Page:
Re: [PATCH v3 19/19] fs: handle inode->i_version more efficiently

From: J. Bruce Fields
Date: Mon Dec 18 2017 - 12:37:04 EST

On Mon, Dec 18, 2017 at 12:22:20PM -0500, Jeff Layton wrote:
> On Mon, 2017-12-18 at 17:34 +0100, Jan Kara wrote:
> > On Mon 18-12-17 10:11:56, Jeff Layton wrote:
> > > static inline bool
> > > inode_maybe_inc_iversion(struct inode *inode, bool force)
> > > {
> > > - atomic64_t *ivp = (atomic64_t *)&inode->i_version;
> > > + u64 cur, old, new;
> > >
> > > - atomic64_inc(ivp);
> > > + cur = (u64)atomic64_read(&inode->i_version);
> > > + for (;;) {
> > > + /* If flag is clear then we needn't do anything */
> > > + if (!force && !(cur & I_VERSION_QUERIED))
> > > + return false;
> >
> > The fast path here misses any memory barrier. Thus it seems this query
> > could be in theory reordered before any store that happened to modify the
> > inode? Or maybe we could race and miss the fact that in fact this i_version
> > has already been queried? But maybe there's some higher level locking that
> > makes sure this is all a non-issue... But in that case it would deserve
> > some comment I guess.
> >
> There's no higher-level locking. Getting locking out of this codepath is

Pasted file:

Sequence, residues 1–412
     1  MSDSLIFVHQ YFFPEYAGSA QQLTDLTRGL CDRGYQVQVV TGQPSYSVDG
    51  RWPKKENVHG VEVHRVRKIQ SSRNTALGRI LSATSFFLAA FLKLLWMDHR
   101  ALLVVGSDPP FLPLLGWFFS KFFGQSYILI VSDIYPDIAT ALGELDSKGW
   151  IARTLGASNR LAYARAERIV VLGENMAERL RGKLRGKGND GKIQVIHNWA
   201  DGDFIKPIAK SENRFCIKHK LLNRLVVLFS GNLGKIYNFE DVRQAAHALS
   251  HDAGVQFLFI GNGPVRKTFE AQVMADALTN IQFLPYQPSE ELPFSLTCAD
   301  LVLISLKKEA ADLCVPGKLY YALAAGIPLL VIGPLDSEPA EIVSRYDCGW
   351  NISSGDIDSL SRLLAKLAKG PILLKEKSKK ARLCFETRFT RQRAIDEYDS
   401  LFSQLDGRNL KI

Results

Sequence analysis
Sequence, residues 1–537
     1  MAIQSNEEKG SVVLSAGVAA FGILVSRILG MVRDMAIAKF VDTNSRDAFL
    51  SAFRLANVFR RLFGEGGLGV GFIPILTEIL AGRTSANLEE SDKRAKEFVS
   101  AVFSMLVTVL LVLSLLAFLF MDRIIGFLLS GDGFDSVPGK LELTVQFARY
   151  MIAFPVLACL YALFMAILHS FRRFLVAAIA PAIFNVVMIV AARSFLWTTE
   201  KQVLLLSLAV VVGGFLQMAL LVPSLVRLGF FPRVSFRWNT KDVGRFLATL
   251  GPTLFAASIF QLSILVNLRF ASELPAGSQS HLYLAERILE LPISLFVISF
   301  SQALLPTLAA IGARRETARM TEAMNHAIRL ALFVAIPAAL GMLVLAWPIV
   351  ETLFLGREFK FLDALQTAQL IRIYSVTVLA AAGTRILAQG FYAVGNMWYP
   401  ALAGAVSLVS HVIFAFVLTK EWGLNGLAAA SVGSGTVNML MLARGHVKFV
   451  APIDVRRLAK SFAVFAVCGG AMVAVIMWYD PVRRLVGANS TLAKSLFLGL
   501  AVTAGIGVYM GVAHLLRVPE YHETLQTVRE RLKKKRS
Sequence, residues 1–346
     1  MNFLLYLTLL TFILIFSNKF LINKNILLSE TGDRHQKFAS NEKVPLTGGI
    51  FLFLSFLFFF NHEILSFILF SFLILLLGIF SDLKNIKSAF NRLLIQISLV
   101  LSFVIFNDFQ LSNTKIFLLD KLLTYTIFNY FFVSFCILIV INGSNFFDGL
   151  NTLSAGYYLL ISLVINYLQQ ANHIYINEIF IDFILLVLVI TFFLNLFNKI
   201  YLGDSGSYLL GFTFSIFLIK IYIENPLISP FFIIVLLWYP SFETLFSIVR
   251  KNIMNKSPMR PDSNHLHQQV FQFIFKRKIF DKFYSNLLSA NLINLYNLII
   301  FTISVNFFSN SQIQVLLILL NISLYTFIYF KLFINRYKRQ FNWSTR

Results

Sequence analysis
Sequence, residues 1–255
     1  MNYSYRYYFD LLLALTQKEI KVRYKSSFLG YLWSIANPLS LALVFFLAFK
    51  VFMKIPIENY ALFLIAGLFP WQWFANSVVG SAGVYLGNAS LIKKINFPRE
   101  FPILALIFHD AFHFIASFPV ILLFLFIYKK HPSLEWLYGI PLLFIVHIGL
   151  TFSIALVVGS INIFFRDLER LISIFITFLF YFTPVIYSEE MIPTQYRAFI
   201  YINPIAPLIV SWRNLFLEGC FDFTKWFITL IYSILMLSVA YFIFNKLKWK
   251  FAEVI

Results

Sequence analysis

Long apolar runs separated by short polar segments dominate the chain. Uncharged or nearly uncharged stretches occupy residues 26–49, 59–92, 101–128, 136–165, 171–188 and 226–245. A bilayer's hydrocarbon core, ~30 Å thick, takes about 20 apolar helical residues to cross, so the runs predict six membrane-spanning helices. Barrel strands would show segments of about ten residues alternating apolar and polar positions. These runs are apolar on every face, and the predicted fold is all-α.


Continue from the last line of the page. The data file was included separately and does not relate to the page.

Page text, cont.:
> a good thing IMO. The larger question here is whether we really care
> about ordering this with anything else.
> The i_version, as implemented today, is not ordered with actual changes
> to the inode. We only take the i_lock today when modifying it, not when
> querying it. It's possible today that you could see the results of a
> change and then do a fetch of the i_version that doesn't show an
> increment vs. a previous change.
> It'd be nice if this were atomic with the actual changes that it
> represents, but I think that would be prohibitively expensive. That may
> be something we need to address. I'm not sure we really want to do it as
> part of this patchset though.

I don't think we need full atomicity, but we *do* need the i_version
increment to be seen as ordered after the inode change. That should be
relatively inexpensive, yes?

Otherwise an inode change could be overlooked indefinitely, because a
client could cache the old contents with the new i_version value and
never see the i_version change again as long as the inode isn't touched

(If the client instead caches new data with the old inode version, there
may be an unnecessary cache invalidation next time the client queries
the change attribute. That's a performance bug, but not really a
correctness problem, at least for clients depending only on
close-to-open semantics: they'll only depend on seeing the new change
attribute after the change has been flushed to disk. The performance
problem should be mitigated by the race being very rare.)